Category Archives: Cycling

Crossing Europe / Along The Med… On An iPad / iPhone!

Don’t forget that both Crossing Europe on a Bike Called Reggie and Along The Med on a Bike Called Reggie are available on Apple iTunes / iBooks. ‘Along The Med…’ has just received three five-star reviews in as many days!Screen Shot 2014-12-20 at 13.43.05

Counting Down… The Pictures Behind The Pictures

20 – A road sign in Caversham that I cycle past every morning on my commute to work

19 – The electronic dial on my cooker that tells the time (erroneously as I didn’t turn it back when the clocks changed in October)

18 – The greetings card section of my weekly supermarket of choice – Marks & Spencer in Broad Street, Reading

17 – A sign in a bus stop along the Kings Road in Reading (bus route 17 is the spine of Reading joining in the eastern suburbs to those of the west – if I take a bus, it’s invariably the number 17)

16 – The sign outside Gillotts School in Henley-on-Thames (an ’11 – 16 secondary’) where I worked until this countdown reached zero…

15 – The speed limit sign at Gillotts School painted onto the road just after the rickety wooden gate

14 – The chart on the back of my classroom door of the numbers in French from 1 to 99

13 – The day after George Osbourne’s autumn statement on government finances the papers – in this case The Guardian in Picnic Cafe, Reading – were full of reports, especially page 13

12 – My daily supermarket of choice, Sainsbury’s (also in Broad Street, Reading) supplied me with number 12 courtesy of the music chart

11 – I finally found an 11 on a lamp post during my cycle commute very close to the Berkshire-Oxfordshire border

10 – A house next to Forbury Gardens in Reading which has echoes of 10 Downing Street (I once saw some Japanese tourists taking their picture in front of the door)

9 – The symbol for Eurovelo 9 on the back of my Eurovelo overview map in my flat

8 – Outside my modern flat is an old gas bridge dating from 1880

7 – Picnic Cafe again in Reading (I visit for a coffee most mornings en route to work) where the clock had conveniently struck 7:18am

6 – Walking back to my flat alongside the Kennet & Avon Canal I found another lamp post with a 6

5 – The third appearance of Picnic Cafe whose address gave me an opportunity of including the number 5 in word format

4 – National Cycle Routes 4 & 5 cross in Reading. This sign is on the western side of the Oracle Shopping complex in central Reading

3 – I live on floor 3 at The Meridian in Reading (although I rarely use the lift when not using my bike which fits perfectly inside the lift)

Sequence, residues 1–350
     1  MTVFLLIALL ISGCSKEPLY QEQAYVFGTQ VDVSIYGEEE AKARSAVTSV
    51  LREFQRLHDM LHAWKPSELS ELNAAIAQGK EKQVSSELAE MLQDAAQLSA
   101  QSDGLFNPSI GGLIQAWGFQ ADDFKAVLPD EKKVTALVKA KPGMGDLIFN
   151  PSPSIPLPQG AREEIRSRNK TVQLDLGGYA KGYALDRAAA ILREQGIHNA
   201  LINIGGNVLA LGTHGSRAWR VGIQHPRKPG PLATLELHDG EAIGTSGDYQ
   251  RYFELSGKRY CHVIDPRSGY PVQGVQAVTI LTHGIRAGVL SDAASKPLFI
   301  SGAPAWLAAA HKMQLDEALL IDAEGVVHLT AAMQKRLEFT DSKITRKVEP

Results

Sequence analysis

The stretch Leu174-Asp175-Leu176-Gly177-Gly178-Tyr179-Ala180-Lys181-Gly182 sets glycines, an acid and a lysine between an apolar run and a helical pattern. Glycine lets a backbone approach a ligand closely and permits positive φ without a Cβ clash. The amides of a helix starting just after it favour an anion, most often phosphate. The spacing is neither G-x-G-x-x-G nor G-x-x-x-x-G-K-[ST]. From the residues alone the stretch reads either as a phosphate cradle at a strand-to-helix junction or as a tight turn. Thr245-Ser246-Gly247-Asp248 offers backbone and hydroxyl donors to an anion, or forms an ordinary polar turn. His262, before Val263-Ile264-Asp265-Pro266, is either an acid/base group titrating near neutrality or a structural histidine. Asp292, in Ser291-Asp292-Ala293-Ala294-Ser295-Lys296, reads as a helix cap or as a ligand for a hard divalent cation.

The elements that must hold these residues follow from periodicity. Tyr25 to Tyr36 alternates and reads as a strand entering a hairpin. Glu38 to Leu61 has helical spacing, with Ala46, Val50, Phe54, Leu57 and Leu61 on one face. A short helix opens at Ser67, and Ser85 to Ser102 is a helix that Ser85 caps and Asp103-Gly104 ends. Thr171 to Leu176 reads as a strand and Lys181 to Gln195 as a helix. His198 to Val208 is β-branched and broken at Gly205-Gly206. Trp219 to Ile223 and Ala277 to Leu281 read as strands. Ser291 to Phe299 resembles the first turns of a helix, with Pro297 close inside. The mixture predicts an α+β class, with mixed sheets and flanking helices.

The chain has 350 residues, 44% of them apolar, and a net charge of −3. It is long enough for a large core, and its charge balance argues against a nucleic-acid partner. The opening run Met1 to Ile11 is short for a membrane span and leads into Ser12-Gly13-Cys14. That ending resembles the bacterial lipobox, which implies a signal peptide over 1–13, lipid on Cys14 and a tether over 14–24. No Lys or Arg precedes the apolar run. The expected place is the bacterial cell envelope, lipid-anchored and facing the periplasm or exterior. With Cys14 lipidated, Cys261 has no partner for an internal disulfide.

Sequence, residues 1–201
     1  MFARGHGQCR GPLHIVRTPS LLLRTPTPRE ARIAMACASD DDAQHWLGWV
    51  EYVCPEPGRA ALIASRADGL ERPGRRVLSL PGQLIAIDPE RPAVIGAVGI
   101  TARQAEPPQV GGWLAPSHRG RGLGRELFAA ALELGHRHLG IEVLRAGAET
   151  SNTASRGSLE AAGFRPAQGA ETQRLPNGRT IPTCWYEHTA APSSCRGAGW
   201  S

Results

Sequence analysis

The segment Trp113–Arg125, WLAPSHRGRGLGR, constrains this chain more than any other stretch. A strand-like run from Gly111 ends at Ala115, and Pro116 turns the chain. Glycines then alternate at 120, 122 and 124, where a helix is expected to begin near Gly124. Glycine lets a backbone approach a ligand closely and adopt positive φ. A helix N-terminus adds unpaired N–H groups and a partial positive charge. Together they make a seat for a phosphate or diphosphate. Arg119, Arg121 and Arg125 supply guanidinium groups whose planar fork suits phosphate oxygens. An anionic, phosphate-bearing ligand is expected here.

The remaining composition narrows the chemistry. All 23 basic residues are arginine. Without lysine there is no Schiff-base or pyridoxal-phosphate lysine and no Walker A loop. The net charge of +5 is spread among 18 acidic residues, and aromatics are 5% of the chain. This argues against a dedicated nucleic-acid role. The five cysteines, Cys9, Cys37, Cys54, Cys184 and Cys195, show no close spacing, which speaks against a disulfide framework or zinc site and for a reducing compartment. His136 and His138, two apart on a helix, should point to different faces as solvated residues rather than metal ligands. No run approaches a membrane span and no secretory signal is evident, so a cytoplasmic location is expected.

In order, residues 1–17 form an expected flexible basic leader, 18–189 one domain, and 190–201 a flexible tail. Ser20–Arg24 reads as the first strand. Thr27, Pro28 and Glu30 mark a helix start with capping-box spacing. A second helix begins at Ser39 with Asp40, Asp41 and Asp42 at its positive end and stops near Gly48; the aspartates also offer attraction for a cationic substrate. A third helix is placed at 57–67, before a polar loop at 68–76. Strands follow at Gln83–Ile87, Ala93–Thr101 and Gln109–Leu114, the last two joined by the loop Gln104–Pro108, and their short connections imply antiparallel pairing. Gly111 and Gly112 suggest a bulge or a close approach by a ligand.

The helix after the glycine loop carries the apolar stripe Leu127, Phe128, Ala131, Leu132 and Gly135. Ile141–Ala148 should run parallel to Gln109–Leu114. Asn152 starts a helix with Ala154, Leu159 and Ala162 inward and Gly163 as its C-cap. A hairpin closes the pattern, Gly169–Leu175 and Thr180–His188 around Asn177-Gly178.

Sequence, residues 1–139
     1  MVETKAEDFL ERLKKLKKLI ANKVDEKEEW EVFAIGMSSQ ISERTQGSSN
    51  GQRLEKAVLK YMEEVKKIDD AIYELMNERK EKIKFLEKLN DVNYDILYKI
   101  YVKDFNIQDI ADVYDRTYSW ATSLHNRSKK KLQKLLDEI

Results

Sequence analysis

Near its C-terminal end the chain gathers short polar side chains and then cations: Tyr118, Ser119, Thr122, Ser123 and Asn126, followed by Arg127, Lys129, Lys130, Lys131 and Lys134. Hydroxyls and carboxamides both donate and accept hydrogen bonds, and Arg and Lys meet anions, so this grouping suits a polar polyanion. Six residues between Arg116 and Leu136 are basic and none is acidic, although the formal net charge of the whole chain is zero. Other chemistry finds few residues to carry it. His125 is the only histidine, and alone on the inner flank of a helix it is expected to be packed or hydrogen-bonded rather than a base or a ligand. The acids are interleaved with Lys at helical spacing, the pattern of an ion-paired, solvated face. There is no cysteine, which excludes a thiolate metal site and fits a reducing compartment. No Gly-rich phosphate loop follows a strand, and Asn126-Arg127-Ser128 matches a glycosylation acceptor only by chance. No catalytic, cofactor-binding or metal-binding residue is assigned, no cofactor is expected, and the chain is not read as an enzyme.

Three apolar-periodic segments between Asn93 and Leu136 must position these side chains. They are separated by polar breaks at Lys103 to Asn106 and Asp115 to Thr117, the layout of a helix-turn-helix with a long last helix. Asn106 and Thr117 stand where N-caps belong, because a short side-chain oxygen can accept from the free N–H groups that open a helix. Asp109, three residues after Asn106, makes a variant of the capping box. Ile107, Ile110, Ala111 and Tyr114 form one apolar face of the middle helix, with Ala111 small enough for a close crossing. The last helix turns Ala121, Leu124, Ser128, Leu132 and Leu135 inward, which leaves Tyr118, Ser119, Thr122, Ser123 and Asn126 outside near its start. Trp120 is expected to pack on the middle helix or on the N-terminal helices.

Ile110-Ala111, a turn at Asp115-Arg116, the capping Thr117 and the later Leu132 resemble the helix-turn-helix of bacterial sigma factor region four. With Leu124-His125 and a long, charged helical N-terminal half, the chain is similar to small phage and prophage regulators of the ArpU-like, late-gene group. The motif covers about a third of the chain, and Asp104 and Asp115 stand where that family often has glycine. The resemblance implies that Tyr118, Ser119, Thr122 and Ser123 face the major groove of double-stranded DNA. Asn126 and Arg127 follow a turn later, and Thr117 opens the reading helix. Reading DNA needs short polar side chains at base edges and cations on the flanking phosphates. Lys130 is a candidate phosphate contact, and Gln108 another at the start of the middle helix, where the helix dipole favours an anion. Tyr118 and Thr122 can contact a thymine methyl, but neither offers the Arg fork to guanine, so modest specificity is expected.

2 – The street parking on Kenavon Drive which has recently been restricted by Reading Borough Council, the 2 referring to the minimum number of hours before you can return

1 – My classroom in Reading which for eight years has been my professional home, the French numbers strung from the ceiling have been there for perhaps five of those years

Moving On, Traveling Light…

In May 2013 I posted this short piece about a book called “Traveling Light or Cycling Europe on Fifty Cents a Day”. You may want to read what I wrote at the time before continuing to read this. Done it? Good…
Today is my final day of work at Gillotts School in Henley-on-Thames before I head off to Spain to learn the language and then cycle north in the direction of Norway. But back to Gillotts. I’m a teacher of French and my colleagues in the modern languages department are an imaginative bunch. Indeed most language teachers are, I think, more imaginative than your average person because they have to be to do their job well. When I left my previous teaching job I was given a Tshirt as a leaving present. In itself not particularly imaginative until you looked on the back. The school initials of each teacher in the department had been listed and next to each was an inventive expression. I seem to remember that ‘NEL’ for example was ‘nice eccentric lady’ (although I may be making that up, not sure). Anyway, my own school initials were ‘ASY’. One of my witty colleagues had come up with ‘anti-social yob’. It still makes me smile. So to yesterday. My department gathered and I was presented with a wrapped package. I could tell it was a book. An English-Spanish dictionary? A guide book to Spain? I removed the paper only to find a second layer, this time of tissue paper. Very intriguing… Would a dictionary be wrapped this way? Unlikely. I carefully removed this second wrapping to reveal an old, red book. Slightly tatty. Interesting… I looked at my colleagues with no doubt a slightly bemused expression on my face. I opened the book and read the title: ‘Traveling Light or Cycling Europe in Fifty Cents a Day’. Now that’s an imaginative parting gift. Thank-you!




Proviz ‘Out Of The Dark': Clever Interactive Advert

Clearly this is an advert for high visibility cycling gear, but it is an effective one. Watch the YouTube video below then go interactive at